Pose the same question in Maths, History, Science and you will find, certainly for primary age children. There is no question.
I have lived in France for 2 years with primary aged children. I have found the French system. Strict, unimaginative, boring and totally focussed on the teachers needs and wants and not the childrens. Without exeption my children’s teachers have been uncaring, lazy, civil servants of the worst kind.
My posting in France is coming to end and we have had a wonderful time here and will miss many aspects of the country and its people. It’s education system however we will be pleased to see the back of.
Boris December 14, 2007 at 5:21 pm |
Thanks for that JB, it’s very useful to hear someone else’s experiences.
I do happen to believe in the effectiveness of the ‘back to basics’ approach of French schools, but certainly I agree with the suggestion that the French system discourages creativity.
Perhaps the differences between the two systems depend more on the actual schools and teachers involved than the country. I am aware that there are many very good schools in the UK, certainly better than our local schools here in SW France, and many that are less good.
Likewise our experience of teachers has been much more positive than your own but I can well believe that varies a great deal from school to school.
Potential expats be warned perhaps, because there is often little choice of school that your child will attend.
JW July 6, 2008 at 12:26 pm |
I am thinking of leaving the UK to live in France with my 12 year old son. I have never lived outside the UK before and currently work as a teacher but would like to try to broaden my horizons. I would like to teach in a french school, and would like to know how I can effectively begin my search for vacancies.
In addition, I am slightly concerned about the difference in the French education system compared to that in the UK. There has been an attempt to encourage individualism and creativity in the UK system by increasing the curriculum. However, this has resulted in lower levels of achievements across the core subjects. The introduction of SATs (which was originally created to ensure schools were meeting their targets) is now been used as a tool to judge the success of students. Teachers are being expected to produce students with high levels of attainment in maths and english, and at the same time deliver a varied, interesting and differentiated curriculum. Something has to give! Is there not a middle ground?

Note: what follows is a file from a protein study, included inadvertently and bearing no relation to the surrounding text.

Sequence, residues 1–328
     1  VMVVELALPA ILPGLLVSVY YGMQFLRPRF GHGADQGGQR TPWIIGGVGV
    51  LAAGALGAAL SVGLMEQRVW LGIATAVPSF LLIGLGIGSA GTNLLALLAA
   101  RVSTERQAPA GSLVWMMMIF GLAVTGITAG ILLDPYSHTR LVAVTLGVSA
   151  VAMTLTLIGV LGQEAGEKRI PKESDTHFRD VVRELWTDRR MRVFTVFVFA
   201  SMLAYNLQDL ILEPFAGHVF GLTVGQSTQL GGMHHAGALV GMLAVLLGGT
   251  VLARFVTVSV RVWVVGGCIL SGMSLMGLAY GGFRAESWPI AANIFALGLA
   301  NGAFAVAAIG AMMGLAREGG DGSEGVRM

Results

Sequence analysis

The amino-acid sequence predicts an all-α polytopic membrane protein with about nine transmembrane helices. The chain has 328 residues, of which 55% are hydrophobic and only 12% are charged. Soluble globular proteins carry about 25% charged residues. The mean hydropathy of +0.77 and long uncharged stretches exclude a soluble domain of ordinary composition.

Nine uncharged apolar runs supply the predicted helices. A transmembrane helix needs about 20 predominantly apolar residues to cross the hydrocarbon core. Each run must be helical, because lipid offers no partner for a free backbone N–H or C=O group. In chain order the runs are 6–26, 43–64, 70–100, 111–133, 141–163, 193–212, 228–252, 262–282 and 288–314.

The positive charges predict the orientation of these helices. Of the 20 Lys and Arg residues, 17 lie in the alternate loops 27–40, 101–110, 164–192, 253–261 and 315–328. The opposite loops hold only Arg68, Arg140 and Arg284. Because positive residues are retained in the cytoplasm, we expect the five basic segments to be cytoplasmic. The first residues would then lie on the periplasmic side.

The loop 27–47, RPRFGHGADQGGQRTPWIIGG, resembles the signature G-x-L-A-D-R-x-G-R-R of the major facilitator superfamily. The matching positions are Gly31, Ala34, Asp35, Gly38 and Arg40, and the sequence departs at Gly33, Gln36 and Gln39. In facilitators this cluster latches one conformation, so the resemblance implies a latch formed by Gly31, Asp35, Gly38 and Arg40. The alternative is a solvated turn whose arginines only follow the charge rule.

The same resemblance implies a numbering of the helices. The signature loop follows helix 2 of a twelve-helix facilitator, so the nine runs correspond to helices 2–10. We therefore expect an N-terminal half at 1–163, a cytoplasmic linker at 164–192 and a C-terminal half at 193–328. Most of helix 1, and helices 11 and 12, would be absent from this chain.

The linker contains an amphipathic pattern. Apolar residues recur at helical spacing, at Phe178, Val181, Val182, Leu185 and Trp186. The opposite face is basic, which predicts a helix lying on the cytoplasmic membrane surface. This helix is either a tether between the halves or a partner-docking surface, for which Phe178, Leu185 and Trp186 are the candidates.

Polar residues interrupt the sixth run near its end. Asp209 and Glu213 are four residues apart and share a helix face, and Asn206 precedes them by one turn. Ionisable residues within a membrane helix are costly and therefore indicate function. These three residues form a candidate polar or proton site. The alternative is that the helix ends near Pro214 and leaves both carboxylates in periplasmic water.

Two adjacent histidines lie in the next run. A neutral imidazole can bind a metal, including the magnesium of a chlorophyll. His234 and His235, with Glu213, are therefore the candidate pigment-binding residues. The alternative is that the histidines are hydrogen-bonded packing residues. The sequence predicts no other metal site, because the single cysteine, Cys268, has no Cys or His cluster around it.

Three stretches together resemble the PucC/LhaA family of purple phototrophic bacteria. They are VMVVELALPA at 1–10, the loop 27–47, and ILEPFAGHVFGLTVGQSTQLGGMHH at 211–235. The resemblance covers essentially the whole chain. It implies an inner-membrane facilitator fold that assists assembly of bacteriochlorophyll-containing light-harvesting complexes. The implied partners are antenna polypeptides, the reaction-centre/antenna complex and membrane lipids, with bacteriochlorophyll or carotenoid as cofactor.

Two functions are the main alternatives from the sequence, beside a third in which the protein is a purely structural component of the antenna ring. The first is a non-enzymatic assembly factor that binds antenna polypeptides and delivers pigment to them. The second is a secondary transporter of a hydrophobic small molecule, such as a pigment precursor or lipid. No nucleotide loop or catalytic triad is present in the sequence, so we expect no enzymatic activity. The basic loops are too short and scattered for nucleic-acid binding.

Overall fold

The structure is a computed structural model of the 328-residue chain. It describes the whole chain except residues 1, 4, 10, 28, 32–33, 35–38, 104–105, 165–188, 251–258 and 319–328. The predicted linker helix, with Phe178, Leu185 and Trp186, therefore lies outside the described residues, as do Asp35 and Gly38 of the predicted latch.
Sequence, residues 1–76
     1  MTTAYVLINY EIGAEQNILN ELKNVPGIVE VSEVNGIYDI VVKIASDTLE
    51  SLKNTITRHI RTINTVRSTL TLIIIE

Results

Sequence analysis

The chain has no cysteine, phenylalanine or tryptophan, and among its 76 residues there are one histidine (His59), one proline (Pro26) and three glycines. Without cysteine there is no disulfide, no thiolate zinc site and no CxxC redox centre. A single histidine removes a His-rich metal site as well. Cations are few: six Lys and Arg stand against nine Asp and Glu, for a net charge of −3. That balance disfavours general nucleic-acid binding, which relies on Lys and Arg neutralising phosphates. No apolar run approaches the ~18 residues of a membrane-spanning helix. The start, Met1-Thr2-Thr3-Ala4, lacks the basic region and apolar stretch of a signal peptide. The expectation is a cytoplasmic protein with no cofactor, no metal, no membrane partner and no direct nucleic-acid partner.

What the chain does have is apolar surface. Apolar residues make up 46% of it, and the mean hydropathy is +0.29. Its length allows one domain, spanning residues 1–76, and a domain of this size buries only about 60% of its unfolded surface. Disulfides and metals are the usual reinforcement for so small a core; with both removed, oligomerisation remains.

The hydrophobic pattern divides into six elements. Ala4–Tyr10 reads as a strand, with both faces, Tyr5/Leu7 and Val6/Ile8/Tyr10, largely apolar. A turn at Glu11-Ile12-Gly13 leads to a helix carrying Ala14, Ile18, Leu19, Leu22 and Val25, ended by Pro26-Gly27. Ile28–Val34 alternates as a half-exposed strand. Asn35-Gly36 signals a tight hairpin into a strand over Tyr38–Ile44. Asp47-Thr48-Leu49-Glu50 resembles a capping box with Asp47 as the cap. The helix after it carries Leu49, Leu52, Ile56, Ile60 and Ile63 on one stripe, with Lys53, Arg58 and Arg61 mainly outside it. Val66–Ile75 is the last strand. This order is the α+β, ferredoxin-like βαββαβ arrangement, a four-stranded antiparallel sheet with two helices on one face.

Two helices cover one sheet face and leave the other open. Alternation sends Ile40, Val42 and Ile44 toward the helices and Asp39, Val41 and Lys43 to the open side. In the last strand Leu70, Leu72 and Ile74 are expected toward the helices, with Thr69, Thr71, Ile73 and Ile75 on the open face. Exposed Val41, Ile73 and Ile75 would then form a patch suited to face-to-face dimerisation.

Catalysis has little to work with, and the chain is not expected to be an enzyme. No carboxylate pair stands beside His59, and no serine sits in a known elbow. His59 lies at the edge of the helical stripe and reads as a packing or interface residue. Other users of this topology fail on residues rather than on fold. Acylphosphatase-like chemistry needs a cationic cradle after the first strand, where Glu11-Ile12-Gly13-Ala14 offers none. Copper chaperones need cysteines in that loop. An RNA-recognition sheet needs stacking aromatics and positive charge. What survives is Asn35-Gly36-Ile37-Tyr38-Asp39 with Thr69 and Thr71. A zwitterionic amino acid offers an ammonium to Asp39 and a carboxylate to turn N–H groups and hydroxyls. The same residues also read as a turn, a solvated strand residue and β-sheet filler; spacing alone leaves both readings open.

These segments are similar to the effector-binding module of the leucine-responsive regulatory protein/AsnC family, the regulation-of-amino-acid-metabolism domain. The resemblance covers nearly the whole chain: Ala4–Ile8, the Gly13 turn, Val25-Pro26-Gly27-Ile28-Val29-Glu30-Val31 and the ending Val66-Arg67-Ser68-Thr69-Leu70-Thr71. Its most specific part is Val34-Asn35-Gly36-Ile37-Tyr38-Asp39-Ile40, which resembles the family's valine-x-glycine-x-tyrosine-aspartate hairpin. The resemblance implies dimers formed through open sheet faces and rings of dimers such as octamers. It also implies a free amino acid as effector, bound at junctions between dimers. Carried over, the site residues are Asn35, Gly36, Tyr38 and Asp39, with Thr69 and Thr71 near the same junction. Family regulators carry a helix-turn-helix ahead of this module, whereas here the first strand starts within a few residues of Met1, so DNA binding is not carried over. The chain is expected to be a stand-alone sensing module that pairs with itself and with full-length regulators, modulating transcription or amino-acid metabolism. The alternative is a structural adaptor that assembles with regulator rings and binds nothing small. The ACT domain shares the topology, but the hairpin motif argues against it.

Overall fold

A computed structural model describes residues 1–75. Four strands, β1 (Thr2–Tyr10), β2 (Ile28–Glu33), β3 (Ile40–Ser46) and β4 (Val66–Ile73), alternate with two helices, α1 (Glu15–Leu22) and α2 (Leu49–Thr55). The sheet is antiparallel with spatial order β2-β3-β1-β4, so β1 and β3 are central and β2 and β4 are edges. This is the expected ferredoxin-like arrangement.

Boris July 9, 2008 at 6:38 pm |
Do you know I’m not even sure if it’s possible. I’m not sure how it works but teachers are, I think, all allocated and controlled centrally. They are also quite a unionised (protected) profession.
I imagine that if your French is very good you could apply somehow to have your qualification recognised in France, but to be honest I wouldn’t hold my breath waiting for a suitable posting. Don’t let that deter you trying though, I’m only guessing and might be wrong.
My instinct tells me your best chance would be to apply either to private schools or to international schools in France, both of which (I think) would have more freedom over who they employ than state schools.
Melanie August 6, 2008 at 8:50 am |
I’m sorry but I totally disagree with the writer of this piece. When my son started college here, his prof principal was an English Teacher. On the first day she asked the children to introduce themselves in French. Of the 24 children, most couldn’t even do something that basic. Our experience of school here in the SW is that they are formulaic, dull, uninspiring and do nothing to motivate the brightest children. British children outstrip their French counterparts in every global survey. Illiteracy in France is also much higher.
After nearly 4 years we are heading back to the UK as I see no future for my children if they continue their education in France. Following a recent thread on another forum it seems that most British children educated in France end up going back to the UK to find work and for university.
JW, French teachers are civil servants and jobs are allocated by the various Academies which are responsible for schooling. The schools have no say in who is appointed and teachers have little say in where they are posted. I have come across one or two English (nationality) teachers working in France but it’s very rare.
B YOUNG December 29, 2009 at 3:48 pm |
can someone tell me if I can get a headship in France with NPQH and experience of headship in GB and fully fluent in French
Georgina bell May 13, 2012 at 4:51 pm |
Some very interesting comments here – i tend to agree with your view
From a UK Student
G May 13, 2012 at 4:59 pm |
I do tend to agree with all your comments about UK education – it is still very poorly managed and tends to go forwards two steps before they realise the old way actually worked better – a waste of valuable time experimenting with the childrens study when good old discipline would be a better focus than stats and teachers pay. I think teachers should be paid in relation to how good a job they are doing (bonus related) this would reflect alot of poor employees at the moment!! x